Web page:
I'd have also liked more information about the king, himself, including a description on the day, and info regarding the attitudes of the two shorter and taller characters towards him, specifically.
I'm always looking for attitudes because this reveals so much about character, theme, etc. At this stage, I don't need information about mysterious texts as that distracts from the great spectacle playing out around us.

I liked the detail of the '150' number appearing everywhere. That was an intriguing element and great visual aid.

I thought the appearance of the arrow was a bit limp. Could the arrow, perhaps, thud into his throat and be accompanied by spurting blood? There is an artery around the throat area and when an artery is pierced blood spurts out. To kill a great and powerful man, the scene needs to have drama and some horror, I think.

Obviously much thought has gone into this story already and, as I mentioned, the diverse elements such as a popular monarch and myths give it the potential to become a compelling read.

wendy said...

Justin's story has great potential to be an intriguing story that entices readers for a very long time. Stories of kings and queens - and mysterious sky people - have the power to become legends. I agree that more detail would aid in creating a visual image for the reader thus pulling them in. Once a story can be visualized, then the reader becomes more invested as the story becomes more real.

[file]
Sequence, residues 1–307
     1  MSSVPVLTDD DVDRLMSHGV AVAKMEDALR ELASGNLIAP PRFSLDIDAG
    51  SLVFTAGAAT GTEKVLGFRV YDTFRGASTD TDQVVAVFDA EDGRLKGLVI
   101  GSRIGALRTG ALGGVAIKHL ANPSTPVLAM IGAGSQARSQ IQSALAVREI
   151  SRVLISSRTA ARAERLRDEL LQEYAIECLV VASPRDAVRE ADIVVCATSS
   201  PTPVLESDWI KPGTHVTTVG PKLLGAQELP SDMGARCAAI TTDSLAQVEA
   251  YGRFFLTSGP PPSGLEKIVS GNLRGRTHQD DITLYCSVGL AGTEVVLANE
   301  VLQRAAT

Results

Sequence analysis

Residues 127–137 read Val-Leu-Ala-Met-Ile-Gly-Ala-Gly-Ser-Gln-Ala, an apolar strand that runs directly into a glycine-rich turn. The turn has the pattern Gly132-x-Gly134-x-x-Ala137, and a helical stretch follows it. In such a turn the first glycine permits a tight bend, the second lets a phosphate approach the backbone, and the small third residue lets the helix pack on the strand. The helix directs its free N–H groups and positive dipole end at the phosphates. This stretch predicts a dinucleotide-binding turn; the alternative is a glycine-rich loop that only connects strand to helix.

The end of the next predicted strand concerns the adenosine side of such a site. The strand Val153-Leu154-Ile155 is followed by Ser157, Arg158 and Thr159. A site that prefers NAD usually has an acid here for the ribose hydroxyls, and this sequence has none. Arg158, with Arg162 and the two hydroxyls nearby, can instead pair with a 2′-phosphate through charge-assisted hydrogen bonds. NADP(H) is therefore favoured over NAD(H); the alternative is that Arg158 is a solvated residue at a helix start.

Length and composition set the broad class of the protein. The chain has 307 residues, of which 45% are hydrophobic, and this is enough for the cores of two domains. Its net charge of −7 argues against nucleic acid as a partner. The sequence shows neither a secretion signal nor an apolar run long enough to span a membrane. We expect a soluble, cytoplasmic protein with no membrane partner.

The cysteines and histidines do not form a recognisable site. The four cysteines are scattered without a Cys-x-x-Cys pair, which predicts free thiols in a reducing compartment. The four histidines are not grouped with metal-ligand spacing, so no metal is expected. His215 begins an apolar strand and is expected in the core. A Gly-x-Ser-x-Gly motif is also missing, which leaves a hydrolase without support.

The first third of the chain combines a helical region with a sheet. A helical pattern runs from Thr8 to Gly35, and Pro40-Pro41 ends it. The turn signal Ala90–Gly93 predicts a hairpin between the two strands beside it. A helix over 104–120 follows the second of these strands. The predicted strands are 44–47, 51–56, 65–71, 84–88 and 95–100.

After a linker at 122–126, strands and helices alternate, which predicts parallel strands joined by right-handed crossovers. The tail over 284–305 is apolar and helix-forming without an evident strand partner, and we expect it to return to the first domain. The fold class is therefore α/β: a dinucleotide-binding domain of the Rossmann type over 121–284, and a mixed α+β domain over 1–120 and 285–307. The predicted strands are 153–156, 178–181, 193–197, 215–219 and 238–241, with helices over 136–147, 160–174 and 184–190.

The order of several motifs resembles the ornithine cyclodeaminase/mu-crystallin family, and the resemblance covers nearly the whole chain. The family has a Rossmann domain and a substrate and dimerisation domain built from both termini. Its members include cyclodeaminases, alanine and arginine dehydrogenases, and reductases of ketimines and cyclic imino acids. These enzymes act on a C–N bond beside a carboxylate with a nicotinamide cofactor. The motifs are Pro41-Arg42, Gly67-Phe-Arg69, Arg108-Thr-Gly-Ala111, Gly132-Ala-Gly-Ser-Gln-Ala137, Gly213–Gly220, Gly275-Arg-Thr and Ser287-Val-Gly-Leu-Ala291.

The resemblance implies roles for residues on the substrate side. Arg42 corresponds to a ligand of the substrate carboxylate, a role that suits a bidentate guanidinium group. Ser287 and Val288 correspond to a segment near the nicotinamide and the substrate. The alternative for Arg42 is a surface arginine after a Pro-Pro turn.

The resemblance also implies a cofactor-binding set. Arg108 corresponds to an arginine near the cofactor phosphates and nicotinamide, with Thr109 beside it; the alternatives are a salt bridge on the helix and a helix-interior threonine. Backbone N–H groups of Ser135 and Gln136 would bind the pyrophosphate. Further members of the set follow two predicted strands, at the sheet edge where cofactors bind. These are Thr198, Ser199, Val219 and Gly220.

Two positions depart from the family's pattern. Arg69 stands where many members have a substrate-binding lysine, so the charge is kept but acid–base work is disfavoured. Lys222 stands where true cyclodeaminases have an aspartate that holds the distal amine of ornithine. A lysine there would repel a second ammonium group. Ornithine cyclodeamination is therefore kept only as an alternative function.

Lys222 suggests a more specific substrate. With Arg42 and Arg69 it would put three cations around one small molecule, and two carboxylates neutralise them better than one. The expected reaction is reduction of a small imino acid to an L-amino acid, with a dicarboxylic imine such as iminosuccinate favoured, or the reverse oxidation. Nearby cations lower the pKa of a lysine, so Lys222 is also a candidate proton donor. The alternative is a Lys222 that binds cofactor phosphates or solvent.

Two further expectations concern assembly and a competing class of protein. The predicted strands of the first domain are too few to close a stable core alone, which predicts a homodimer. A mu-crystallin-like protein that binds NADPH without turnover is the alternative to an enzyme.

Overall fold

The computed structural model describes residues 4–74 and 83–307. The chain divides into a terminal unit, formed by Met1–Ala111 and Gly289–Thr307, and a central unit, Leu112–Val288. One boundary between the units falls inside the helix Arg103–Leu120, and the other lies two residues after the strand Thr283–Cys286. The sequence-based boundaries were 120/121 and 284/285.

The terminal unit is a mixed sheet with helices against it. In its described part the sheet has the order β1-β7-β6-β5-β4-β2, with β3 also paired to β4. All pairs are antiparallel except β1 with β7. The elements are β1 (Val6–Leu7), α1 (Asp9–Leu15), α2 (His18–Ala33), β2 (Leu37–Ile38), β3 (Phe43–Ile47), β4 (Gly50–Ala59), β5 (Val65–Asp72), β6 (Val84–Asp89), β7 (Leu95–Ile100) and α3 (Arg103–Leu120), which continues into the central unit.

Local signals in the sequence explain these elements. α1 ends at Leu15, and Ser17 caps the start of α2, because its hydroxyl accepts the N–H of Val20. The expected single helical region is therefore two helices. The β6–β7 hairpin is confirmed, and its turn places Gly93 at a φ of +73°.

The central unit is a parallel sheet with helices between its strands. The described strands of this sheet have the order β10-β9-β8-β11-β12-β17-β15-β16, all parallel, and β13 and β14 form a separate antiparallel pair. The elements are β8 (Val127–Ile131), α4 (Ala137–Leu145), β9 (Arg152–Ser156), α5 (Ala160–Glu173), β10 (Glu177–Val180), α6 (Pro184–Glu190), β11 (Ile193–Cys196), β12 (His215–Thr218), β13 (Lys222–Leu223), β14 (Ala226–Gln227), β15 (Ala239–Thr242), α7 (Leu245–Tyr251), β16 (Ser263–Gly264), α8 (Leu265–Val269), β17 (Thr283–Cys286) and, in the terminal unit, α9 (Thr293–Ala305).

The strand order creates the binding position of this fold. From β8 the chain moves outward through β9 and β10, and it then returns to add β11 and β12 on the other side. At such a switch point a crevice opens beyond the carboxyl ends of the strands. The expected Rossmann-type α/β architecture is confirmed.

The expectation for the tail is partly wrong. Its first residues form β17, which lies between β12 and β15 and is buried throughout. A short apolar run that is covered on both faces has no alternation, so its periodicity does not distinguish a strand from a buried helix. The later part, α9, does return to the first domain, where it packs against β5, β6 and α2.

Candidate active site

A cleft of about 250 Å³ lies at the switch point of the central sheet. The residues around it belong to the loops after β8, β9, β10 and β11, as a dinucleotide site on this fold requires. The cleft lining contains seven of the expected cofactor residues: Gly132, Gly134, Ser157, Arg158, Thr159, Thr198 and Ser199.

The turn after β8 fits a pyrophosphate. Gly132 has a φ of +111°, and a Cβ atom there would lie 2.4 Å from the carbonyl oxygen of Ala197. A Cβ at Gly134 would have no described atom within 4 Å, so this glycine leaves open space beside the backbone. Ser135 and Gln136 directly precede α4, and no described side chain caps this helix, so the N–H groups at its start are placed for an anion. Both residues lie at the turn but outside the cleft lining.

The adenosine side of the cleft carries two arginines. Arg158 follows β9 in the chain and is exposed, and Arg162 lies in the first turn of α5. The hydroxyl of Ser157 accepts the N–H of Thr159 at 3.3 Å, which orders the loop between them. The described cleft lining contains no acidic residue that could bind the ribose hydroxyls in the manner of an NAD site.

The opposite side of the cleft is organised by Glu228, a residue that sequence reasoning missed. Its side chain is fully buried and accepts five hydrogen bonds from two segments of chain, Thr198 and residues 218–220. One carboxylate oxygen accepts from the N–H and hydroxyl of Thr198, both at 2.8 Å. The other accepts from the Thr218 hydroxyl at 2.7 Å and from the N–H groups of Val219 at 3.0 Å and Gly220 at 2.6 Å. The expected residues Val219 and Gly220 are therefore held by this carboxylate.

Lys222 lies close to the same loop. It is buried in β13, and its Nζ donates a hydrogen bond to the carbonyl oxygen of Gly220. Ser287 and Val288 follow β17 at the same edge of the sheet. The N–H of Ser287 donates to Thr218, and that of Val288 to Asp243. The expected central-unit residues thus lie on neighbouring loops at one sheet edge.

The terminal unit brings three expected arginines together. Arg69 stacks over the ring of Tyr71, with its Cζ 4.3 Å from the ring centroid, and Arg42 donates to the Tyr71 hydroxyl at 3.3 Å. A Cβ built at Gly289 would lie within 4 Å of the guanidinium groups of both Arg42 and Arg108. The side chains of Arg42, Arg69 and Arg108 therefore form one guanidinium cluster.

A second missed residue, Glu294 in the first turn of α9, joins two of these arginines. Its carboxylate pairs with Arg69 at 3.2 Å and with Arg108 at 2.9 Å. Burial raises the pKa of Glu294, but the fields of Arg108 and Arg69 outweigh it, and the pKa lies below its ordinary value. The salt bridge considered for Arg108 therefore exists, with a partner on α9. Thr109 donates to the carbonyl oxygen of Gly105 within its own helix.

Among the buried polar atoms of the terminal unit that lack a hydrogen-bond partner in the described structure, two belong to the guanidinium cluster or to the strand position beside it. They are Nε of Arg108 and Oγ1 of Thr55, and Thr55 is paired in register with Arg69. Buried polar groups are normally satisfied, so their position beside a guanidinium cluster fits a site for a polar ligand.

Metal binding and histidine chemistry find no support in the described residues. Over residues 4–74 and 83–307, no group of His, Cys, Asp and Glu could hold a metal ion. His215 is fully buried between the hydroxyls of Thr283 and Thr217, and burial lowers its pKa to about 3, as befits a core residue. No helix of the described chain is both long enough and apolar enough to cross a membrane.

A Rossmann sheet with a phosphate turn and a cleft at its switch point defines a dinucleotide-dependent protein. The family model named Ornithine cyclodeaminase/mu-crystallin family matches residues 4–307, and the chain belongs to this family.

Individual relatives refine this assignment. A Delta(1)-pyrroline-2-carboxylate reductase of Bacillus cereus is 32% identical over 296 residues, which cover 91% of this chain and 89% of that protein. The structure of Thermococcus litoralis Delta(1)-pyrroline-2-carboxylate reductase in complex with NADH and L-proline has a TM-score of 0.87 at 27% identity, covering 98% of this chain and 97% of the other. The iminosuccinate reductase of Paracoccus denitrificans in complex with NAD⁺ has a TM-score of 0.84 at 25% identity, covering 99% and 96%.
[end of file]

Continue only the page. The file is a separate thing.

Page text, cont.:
I'd have also liked more information about the king, himself, including a description on the day, and info regarding the attitudes of the two shorter and taller characters towards him, specifically.
I'm always looking for attitudes because this reveals so much about character, theme, etc. At this stage, I don't need information about mysterious texts as that distracts from the great spectacle playing out around us.

I liked the detail of the '150' number appearing everywhere. That was an intriguing element and great visual aid.

I thought the appearance of the arrow was a bit limp. Could the arrow, perhaps, thud into his throat and be accompanied by spurting blood? There is an artery around the throat area and when an artery is pierced blood spurts out. To kill a great and powerful man, the scene needs to have drama and some horror, I think.

Obviously much thought has gone into this story already and, as I mentioned, the diverse elements such as a popular monarch and myths give it the potential to become a compelling read.

dolorah said...

I little more set up for the king's arrival, the street crowd, and the actual assassination would be helpful. I also had the same thoughts about Taller and Shorter. I want to know what race the citizens and conspirators are. And even though the assassination is grisly, and the king seems well loved by the people, I'm still not connected to either the king or the assassins. I'm a reader who doesn't bestow empathy simply because a reportedly good person was murdered, and don't judge negatively for assassins.